Forceful even when speaking barely above a whisper, Rebbetzin Esther Jungreis urged her audience to “be a blessing”; that way, she told them, “you will be blessed.”
Speaking at the Jewish Educational Center’s Bruriah High School for Girls, the 77-year-old speaker, author, and Holocaust survivor recalled her wartime experiences to illustrate a lecture she called “Turning the Negatives into Positives.”
Jungreis, a popular motivational speaker in the Orthodox world, gave the inaugural Mrs. Chaya Newman Memorial Lecture on Feb. 1. Newman, who headed the school 37 years, died in 2012.
The event was originally scheduled for Dec. 2, but was snowed out. On Feb. 1, more than 340 people came — students and parents, staff, alumnae, and local residents.
Opening the program, Rabbi Joseph Oratz, the current principal of Bruriah, said, “Everything I know about Jewish education, I know from Mrs. Newman.” He spoke about how hard it has been to fill her shoes, but said, “I don’t know how she did what she did, but the tone she set continues to thrive in this building.”
Newman’s daughter Shlomis Peikes, an associate principal at the school, recalled her mother’s oft-repeated mantra about the students: “They won’t care about learning unless they know how much we care about them.”
Jungreis took the stage with the support of a cane, necessitated she said by a hip fracture. “But I use my shtekn for my shtick,” she quipped. As part of that shtick, she said how she had been dubbed “the Jewish Billy Graham.” She is the founder of Hineni Heritage Center, a New York-based educational and cultural center that also features her sons and daughters.
In a voice that ranged from tearful whispers to booming quotes, she cited anecdotes from her own life. As the Nazi menace was growing, not knowing if there would be another chance, her parents took the family to visit her grandparents on the far side of Hungary. Her grandfather was a distinguished rabbi — like her father and her late husband, Rabbi Theodore Jungreis (a distant cousin with the same family name). The old man wept as he held her on his lap. When she asked her father why, he pointed to footprints in the snow, and likened them to the imprint of Torah teaching that her zayde was leaving for his descendants.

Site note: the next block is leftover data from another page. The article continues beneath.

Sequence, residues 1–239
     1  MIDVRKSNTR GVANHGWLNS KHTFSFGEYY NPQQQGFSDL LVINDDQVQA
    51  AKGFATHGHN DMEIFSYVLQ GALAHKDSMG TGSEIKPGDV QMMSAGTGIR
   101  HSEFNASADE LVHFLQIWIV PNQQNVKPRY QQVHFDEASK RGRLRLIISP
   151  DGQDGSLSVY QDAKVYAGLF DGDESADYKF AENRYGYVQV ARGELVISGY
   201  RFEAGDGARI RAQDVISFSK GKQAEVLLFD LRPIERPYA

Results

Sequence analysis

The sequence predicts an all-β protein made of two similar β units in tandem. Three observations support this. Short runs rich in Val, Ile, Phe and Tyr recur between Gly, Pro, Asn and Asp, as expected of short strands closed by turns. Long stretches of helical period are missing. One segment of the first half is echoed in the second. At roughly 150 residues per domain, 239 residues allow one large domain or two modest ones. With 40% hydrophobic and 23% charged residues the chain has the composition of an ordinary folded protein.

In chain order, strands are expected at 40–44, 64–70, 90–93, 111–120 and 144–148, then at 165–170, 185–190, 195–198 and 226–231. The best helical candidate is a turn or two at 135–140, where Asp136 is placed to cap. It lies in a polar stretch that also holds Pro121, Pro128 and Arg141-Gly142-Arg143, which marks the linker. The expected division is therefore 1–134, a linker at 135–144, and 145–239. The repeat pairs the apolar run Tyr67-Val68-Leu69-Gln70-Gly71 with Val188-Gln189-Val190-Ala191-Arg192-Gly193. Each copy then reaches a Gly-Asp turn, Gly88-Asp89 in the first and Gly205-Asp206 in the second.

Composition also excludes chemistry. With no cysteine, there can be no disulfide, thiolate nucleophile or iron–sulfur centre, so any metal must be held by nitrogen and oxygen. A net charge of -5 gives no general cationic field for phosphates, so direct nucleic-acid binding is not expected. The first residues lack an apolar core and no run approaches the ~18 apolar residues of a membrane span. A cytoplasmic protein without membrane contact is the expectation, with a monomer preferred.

“Every one of you in this room had a zayde somewhere who made a path for you, asking only one thing — that you stay on the path of Torah,” she said.
The line of those waiting afterward to buy her books and have them signed stretched across the room, and people waited two hours and more to have a chance to exchange a personal word with her. Jungreis stayed until the last book was signed.
Keshet Starr was one of the few women present with no connection to the school; she had come, she said, “because I’ve read the rebbetzin’s books, and I wanted to hear her speak. She was so powerful.”
The event was coordinated by Adina Abramov, the JEC’s chief marketing officer — herself a JEC parent — and Leah Rothstein, marketing assistant and alumnae coordinator — and a Bruriah alumna.
Abramov said of Jungreis, “In this age of hyper-technology and arms’-length communication, the fire in her eyes and care in her voice are like a warm embrace. That’s why I thought she would be so appropriate for the Chaya Newman memorial. Mrs. Newman also had that same grandmotherly appeal and warmth. They were contemporaries and knew each other, two women living in an extremely conservative Orthodox reality who have made a huge difference, to men and women alike, and who successfully touched and enhanced the lives of thousands.”